Saturday, June 13, 2009

Fresh Tomato Jalapeno Salsa

A few years ago my husband and I went to Puerto Vallarta with his family. At the resort we visited all of us became incredibly addicted to a fresh salsa they served...essentially tomatoes, onions, jalapeno and lime juice. How could you go wrong with something like that??
Ever since we visited that resort, we have attempted to re-create the salsa at home and this recipes is quite good!

You can control the spice by using a serrano instead of jalapeno for a hotter salsa. Or, use the white membrane and seeds from the jalapeno to make a spicier version as well. I think that roma tomatoes make for the best tomatoes for this because they tend to be a bit drier than vine. And of course, you can go with a larger dice to emulate a pico de gallo.

Ingredients to make approximately 1 cup:
  • 2 large roma tomatoes, small dice
  • 1 medium jalapeno, small dice
  • 1/4 white onion, small dice
  • Juice of 1/2 to 1 lime (to taste)
  • Pinch of kosher salt (to taste)
  • Optional ingredients: Cilantro, Garlic

  1. Finely dice tomatoes, jalapeno, onion. Place in a bowl and squeeze lime over the tomato mixture.
  2. Add pinch of kosher salt and taste to make sure there's enough lime and salt.
  3. Eat right away or let marinate to blend flavors more
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Chicken Cheddar Chowder

My husband and I celebrated the sale of our house last weekend at our favorite steakhouse, Delmonico's. On the menu that night was a Corn Chowder that was mighty tasty. One taste of that soup and I was craving a corn-y, creamy soup all week long. This recipe sounded perfect to satisfy my craving and be filling enough as a stand-alone dish. I found the recipe on It's actually a Cooking Light recipe but the creaminess and smoky flavor certainly don't lead you to believe that it's also a lower-calorie soup (only 306 in 1.5 cups).

The recipe came together easily with ingredients I had on hand. I did make a couple of modifications. First - I halved the recipe since it's just the two of us. Halving the recipe meant that I should have started by frying only one piece of bacon, but because I used center cut bacon (which has less fat than regular) I kept the number of strips fried at two. The only other changes I made were to use one chicken breast, yukon gold potatoes instead of red, and several dashes of hot red pepper flakes at the end.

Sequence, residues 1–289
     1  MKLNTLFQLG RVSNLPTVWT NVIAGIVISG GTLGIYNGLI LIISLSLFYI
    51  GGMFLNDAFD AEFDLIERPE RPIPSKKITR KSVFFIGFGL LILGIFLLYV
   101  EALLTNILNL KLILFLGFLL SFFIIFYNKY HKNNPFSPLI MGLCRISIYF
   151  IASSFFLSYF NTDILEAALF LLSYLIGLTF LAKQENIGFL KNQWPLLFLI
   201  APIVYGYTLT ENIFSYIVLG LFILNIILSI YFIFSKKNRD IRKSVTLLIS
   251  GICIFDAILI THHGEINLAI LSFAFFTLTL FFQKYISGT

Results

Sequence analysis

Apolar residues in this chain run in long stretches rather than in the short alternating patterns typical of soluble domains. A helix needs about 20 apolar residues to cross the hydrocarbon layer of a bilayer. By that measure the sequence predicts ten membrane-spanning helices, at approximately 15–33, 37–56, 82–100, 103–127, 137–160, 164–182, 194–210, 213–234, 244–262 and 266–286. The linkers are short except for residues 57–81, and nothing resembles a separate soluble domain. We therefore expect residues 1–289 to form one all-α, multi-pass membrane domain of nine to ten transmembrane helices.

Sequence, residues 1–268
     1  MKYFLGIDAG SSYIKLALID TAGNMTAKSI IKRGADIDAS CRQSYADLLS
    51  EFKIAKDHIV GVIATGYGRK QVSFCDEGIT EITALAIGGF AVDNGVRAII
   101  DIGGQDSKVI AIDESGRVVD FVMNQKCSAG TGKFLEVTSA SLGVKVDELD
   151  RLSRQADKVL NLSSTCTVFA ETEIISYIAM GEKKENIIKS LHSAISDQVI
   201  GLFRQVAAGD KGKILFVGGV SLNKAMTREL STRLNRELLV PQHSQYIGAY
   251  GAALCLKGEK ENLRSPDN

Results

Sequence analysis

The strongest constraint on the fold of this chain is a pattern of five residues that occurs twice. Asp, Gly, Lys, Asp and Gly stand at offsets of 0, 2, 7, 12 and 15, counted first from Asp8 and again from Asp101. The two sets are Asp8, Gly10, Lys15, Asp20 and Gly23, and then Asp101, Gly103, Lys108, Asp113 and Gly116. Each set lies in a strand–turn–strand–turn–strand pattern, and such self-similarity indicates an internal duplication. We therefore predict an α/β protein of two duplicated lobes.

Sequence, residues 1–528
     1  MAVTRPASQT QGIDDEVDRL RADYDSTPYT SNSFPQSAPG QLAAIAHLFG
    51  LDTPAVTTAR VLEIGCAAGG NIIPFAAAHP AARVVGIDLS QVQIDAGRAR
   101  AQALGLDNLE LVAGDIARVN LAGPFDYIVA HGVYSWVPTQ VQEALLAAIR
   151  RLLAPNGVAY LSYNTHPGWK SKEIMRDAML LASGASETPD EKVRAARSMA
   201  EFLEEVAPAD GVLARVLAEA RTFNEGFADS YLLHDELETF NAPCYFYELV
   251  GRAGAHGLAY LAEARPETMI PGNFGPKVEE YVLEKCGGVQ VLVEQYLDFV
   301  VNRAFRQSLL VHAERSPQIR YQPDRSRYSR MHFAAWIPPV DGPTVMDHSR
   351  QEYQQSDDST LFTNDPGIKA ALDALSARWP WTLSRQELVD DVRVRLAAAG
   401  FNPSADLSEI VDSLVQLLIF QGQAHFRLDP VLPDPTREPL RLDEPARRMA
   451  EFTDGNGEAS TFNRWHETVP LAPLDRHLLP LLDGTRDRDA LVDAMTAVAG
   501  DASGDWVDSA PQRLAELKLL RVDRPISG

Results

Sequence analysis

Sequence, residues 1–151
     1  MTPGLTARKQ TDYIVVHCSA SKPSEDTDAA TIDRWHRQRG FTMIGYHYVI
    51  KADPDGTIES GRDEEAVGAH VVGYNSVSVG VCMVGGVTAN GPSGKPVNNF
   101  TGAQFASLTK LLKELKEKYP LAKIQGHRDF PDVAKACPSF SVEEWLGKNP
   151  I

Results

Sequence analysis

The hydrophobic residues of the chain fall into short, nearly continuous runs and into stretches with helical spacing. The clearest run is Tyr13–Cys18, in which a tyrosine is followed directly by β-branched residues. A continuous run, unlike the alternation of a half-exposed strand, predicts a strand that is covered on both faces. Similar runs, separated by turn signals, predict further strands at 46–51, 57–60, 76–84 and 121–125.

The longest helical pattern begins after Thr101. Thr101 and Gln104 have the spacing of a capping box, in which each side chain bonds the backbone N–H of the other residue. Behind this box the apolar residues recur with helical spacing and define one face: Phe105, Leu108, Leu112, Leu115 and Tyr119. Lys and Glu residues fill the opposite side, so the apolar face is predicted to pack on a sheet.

The result was a slightly smoky, relatively creamy (yet still light on the tummy), and satisfying soup. The chicken was tender, the corn had the right amount of sweetness, and is definitely something I would make again.

Here's the recipe on Chicken Cheddar Chowder

Here's the recipe for a halved, modified version:
  • 2 bacon slices (if using center cut, 1 if using regular)
  • Cooking spray
  • 1 boneless skinless chicken breast
  • 1/2 cup chopped onion
  • 1/2 cup diced red bell pepper
  • 1 garlic cloves, minced
  • 2 1/4 cups fat-free chicken broth
  • 1 cup diced peeled red potatoes
  • 1 1/4 cups frozen whole-kernel corn
  • 2 tbsp all-purpose flour
  • 1 cups 2% low-fat milk
  • 1/2 cup (3 ounces) shredded cheddar cheese
  • 1/4 teaspoon salt
  • 1/8 teaspoon fresh ground black pepper
  • Dashes of red pepper

  1. Cook bacon in a Dutch oven coated with cooking spray over medium-high heat until crisp. Remove bacon from pan. Crumble; set aside.
  2. Add chicken, onion, bell pepper, and garlic to bacon fat in pan; sauté 5 minutes.
  3. Add broth and potatoes; bring to boil. Cover, reduce heat, and simmer 20 minutes or until potatoes are tender.
  4. Add corn; stir well.
  5. Place flour in a bowl. Gradually add milk, stirring with a whisk until blended; add to soup.